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GAY, guiltless pair, What seek ye from the fields of heaven

Ye have no need of prayer, Ye have no sins to be forgiven.

Why perch ye here, Where mortals to their Maker bend

Can your pure spirits fear The God ye never could offend ?

Ye never knew
The crimes for which we come to weep.

Penance is not for you,
Blessed wanderers of the upper deep.

To you 't is given To wake sweet Nature's untaught lays;

Beneath the arch of heaven To chirp away a life of praise.


(Translation.) The rain-drops plash, and the dead leaves fall,

On spire and cornice and mould ; The swallows gather, and twitter and call, “ We must follow the summer, comeone, come all,

For the winter is now so cold." Just listen awhile to the wordy war,

As to whither the way shall tend, Says one, “I know the skies are fair And myriad insects float in air

Where the ruins of Athens stand.
“And every year when the brown leaves fall,

In a niche of the Parthenon
I build my nest on the corniced wall,
In the trough of a devastating ball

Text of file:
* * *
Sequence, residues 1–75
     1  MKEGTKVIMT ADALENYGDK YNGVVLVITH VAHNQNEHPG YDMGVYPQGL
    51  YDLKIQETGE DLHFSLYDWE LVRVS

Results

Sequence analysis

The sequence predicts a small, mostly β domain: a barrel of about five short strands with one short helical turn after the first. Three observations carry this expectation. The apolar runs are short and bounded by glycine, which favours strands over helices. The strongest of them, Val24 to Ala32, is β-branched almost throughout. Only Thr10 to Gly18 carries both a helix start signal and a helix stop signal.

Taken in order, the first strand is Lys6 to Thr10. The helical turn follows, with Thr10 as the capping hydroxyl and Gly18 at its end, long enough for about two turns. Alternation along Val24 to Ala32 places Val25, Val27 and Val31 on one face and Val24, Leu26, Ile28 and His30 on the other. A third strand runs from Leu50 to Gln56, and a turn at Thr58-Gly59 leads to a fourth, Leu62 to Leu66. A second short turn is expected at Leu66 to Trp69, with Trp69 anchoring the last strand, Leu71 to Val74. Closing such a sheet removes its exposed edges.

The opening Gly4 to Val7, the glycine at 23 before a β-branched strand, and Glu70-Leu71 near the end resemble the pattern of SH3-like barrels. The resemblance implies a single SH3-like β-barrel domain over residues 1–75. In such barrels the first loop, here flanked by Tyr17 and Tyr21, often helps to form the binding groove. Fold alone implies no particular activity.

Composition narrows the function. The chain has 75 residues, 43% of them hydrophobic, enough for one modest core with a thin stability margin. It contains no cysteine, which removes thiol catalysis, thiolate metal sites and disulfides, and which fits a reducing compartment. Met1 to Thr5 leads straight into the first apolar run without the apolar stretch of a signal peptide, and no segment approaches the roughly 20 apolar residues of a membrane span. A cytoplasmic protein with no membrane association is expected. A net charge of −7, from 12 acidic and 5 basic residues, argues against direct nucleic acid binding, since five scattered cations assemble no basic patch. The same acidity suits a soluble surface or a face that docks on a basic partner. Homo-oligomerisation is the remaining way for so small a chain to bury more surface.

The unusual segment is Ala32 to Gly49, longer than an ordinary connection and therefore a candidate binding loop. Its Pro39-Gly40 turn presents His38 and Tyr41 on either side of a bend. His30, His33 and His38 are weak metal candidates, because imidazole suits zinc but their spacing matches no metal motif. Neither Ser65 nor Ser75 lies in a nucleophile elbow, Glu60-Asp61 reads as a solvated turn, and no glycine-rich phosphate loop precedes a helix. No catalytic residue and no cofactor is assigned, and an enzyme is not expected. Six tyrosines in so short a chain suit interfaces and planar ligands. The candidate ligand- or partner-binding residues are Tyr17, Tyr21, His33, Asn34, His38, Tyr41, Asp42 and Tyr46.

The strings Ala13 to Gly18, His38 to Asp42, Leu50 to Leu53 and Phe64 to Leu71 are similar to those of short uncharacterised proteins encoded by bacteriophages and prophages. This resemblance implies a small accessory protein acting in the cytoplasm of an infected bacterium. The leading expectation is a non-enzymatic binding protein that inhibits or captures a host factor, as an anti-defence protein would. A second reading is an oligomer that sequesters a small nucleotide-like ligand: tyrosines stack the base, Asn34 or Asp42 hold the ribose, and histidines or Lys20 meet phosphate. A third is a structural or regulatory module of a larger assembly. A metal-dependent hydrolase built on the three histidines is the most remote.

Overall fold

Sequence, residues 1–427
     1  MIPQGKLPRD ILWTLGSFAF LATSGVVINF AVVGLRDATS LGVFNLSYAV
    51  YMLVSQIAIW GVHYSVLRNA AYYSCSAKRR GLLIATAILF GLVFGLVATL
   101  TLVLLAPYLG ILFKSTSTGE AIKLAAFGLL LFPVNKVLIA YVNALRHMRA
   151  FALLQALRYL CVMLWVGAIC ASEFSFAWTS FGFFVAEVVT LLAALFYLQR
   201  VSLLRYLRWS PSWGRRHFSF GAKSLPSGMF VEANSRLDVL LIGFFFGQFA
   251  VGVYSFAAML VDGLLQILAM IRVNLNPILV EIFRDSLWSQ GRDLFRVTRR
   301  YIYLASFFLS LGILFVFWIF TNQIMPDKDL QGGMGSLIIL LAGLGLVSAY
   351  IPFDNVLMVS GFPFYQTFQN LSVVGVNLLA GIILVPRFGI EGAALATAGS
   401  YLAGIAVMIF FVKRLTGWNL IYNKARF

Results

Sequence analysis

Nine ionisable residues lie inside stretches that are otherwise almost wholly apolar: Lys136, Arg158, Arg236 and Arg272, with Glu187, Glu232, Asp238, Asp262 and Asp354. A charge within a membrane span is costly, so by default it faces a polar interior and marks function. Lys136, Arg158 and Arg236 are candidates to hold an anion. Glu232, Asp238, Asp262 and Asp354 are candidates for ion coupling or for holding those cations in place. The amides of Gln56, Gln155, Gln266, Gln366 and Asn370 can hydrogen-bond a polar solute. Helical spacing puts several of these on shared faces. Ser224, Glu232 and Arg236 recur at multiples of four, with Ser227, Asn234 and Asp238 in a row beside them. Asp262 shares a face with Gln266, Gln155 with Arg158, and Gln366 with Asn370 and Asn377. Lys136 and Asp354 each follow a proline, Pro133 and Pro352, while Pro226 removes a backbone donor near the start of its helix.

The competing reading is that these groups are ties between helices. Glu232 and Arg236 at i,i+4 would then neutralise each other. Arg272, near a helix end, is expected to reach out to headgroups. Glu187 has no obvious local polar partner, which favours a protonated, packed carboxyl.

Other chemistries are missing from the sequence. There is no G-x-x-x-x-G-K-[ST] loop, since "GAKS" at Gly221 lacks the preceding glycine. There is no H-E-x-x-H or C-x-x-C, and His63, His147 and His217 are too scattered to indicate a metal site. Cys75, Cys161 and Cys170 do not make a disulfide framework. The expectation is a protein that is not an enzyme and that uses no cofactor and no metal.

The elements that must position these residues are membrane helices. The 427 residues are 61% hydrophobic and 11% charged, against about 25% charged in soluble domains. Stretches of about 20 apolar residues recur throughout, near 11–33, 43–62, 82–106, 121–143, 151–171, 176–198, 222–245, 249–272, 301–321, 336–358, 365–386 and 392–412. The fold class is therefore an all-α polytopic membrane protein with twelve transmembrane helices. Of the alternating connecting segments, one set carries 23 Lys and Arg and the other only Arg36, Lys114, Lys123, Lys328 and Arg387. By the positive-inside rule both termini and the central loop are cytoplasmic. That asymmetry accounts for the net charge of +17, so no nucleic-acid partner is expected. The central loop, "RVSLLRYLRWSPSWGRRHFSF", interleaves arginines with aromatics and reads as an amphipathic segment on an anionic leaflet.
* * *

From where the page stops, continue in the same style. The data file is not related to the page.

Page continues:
From the Turk's besieging gun."
Says another, “My cosey home I fit

On a Smyrna grande café,
Where over the threshold Hadji sit,

And smoke their pipes and their coffee sip, | Dreaming the hours away."

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The sky is overcast,
Yet stars shall rise at last,

Brighter for darkness past,
And angels' silver voices stir the air.


Another says, “I prefer the nave

Of a temple of Baalbec ; There my little ones lie when the palm-trees wave, And, perching near on the architrave,

I fill each open beak."
" Ah !” says the last, “I build my nest

Far up on the Nile's green shore,
Where Memnon raises his stony crest,
And turns to the sun as he leaves his rest,

But greets him with song no more.. “In his ample neck is a niche so wide,

And withal so deep and free,
A thousand swallows their nests can hide,
And a thousand little ones rear beside, –

Then come to the Nile with me.”

THE NIGHTINGALE. The rose looks out in the valley,

And thither will I go !
To the rosy vale, where the nightingale

Sings his song of woe.
The virgin is on the river-side,

Culling the lemons pale :
Thither, —- yes ! thither will I go,
To the rosy vale, where the nightingale

Sings his song of woe.

They go, they go, to the river and plain,

To ruined city and town,
They leave me alone with the cold again,
Beside the tomb where my joys are lain,
With hope like the swallows flown.

GAUTIER (French).

The fairest fruit her hand hath culled,

"T is for her lover all : Thither, - yes ! thither will I go, To the rosy vale, where the nightingale

Sings his song of woe.

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